Hispanic Workers in Construction (Completed – 2004-2009)
CPWR DATA BRIEF
Introduction to the Hispanic Series Reports
In recent years, the U.S. workforce is becoming more and more diverse with respect to the continuous entry of new immigrants into this country. The increase of immigrants in the U.S. labor force has been rapid, particularly in construction. In the last decade, the proportion of workers who identified themselves as Hispanic doubled for all industries in the U.S., while it more than tripled for construction. The safety and health of Hispanic workers is a significant challenge to the construction industry.
To shed light on the issues and meet the needs of construction safety and health stakeholders, these Hispanic Series Reports provide updated information on this important area in construction safety and health.
This series includes three separate reports available on the CPWR website: 1) Hispanic Employment in Construction, 2) Health Insurance and Healthcare Utilization among Hispanic Construction Workers, and 3) Fatal and Nonfatal Work-related Injuries among Hispanic Construction Workers. Readers familiar with The Construction Chart Book may regard this series as supplemental reading.
Through this series, it is expected that readers will become knowledgeable of the current status of Hispanic construction workers; pay attention to ethnic disparities in safety and health, health insurance, and healthcare utilization; and make efforts in reducing/eliminating these disparities by improving the safety and health of Hispanic construction workers and the overall construction industry.
Original Project Abstract:
In light of demographic changes in the United States, the construction industry is characterized by a large, young, and quickly growing Hispanic workforce, coupled with a sizable and persistent difference in occupational fatalities between Hispanic and non-Hispanic construction workers. Protecting safety and health of Hispanic workers is a critical challenge facing the construction industry. To address the NIOSH research priorities and examine this important focus area in construction safety and health research, we propose to conduct targeted research on this special at-risk population in our next five-year plan. The specific aims of this project include: 1) examine the safety and health status of Hispanic construction workers; 2) identify disparities in safety and health and utilization of health services among Hispanic construction workers; 3) identify major socioeconomic and work organization factors contributing to the disparities; and 4) develop intervention strategies to reduce/eliminate the disparities and improve safety and health of Hispanic construction workers overall.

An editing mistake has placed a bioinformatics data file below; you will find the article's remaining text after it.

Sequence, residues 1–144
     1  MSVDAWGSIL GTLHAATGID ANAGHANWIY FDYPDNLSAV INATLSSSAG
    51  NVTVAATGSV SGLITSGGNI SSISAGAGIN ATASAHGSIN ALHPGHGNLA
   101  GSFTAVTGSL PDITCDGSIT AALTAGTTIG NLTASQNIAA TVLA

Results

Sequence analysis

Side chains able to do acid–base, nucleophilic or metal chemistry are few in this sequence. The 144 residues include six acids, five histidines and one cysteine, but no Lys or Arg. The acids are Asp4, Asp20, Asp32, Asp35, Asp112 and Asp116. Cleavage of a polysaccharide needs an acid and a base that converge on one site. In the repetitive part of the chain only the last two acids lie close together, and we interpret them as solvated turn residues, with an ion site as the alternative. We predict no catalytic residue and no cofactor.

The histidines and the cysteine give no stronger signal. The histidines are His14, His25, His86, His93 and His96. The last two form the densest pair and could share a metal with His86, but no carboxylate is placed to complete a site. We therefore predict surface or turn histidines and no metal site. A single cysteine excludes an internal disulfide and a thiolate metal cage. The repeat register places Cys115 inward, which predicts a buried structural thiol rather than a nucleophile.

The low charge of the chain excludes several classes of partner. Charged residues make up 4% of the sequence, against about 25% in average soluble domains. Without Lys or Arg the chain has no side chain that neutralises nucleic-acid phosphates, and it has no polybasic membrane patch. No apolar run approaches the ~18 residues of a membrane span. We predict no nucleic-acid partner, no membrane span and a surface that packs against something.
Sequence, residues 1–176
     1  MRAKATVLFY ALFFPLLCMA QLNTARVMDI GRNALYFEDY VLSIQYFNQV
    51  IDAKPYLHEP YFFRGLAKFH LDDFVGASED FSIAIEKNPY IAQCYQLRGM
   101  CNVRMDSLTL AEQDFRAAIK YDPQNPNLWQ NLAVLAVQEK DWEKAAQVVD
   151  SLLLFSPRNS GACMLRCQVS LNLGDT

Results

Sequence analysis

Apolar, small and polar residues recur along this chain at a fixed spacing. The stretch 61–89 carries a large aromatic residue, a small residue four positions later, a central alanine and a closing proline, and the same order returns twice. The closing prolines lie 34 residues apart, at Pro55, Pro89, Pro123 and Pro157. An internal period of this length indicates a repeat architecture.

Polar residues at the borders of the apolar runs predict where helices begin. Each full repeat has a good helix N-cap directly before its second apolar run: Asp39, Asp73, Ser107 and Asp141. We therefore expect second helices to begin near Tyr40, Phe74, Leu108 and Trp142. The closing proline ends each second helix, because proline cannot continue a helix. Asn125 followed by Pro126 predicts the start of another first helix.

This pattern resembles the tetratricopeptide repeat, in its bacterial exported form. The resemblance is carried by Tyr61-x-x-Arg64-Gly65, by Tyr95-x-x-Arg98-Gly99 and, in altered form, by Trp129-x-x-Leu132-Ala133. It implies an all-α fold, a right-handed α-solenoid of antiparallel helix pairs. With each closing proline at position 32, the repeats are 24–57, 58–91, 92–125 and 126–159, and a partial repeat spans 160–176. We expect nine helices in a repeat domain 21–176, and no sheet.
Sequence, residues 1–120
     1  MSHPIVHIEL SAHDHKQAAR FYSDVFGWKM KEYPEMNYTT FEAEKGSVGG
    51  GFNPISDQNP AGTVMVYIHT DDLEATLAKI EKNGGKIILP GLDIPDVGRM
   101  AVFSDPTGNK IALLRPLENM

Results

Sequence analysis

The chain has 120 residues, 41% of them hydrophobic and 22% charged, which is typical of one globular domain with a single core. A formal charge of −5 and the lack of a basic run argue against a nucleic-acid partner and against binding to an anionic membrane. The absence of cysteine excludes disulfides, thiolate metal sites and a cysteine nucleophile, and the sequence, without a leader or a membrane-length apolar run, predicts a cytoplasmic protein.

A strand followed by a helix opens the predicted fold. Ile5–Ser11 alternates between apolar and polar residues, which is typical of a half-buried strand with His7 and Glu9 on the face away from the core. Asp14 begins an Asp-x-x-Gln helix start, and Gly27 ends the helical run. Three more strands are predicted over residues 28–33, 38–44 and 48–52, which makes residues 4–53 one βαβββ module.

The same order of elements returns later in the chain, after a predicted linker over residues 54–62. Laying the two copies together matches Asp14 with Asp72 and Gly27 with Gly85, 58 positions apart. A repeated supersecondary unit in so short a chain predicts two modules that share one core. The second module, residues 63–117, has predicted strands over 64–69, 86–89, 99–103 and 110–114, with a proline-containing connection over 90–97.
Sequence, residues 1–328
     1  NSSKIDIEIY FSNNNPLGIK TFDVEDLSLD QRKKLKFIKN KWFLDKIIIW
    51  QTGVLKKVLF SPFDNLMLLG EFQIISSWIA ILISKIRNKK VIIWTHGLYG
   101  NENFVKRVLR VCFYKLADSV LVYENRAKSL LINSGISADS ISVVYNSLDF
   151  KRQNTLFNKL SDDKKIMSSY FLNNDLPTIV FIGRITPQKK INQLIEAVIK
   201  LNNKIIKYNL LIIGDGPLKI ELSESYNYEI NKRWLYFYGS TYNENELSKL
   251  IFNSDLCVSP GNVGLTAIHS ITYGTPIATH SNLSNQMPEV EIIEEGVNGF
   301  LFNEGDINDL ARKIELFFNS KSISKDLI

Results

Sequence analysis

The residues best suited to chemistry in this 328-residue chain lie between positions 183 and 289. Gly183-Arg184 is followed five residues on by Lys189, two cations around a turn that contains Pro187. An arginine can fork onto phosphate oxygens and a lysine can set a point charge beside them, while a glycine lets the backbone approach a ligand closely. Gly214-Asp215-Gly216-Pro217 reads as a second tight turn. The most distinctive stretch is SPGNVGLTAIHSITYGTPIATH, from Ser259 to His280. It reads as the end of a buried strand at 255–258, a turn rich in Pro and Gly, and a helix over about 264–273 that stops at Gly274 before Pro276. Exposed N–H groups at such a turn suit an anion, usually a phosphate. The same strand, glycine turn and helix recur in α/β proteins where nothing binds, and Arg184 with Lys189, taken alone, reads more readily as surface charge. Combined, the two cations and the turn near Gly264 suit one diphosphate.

Four large national population-based survey databases will be used for the study, including the March Supplement to the Current Population Survey, the National Health Interview Survey, the Medical Expenditure Panel Study, and the Annual Survey of Occupational Injuries and Illnesses. The data analyses will be conducted in two parts, one descriptive and one analytic. In the first part, statistics will be calculated to illustrate the extent and nature of the problems and to test the hypotheses. In the second part, we will conduct multivariate analyses to determine how the independent variables interact and contribute to occupational health and utilization of health services among Hispanic construction workers. This study will provide important information on Hispanic safety and health, help people better understand this issue, and promote the development of interventions to improve safety and health for this subpopulation group.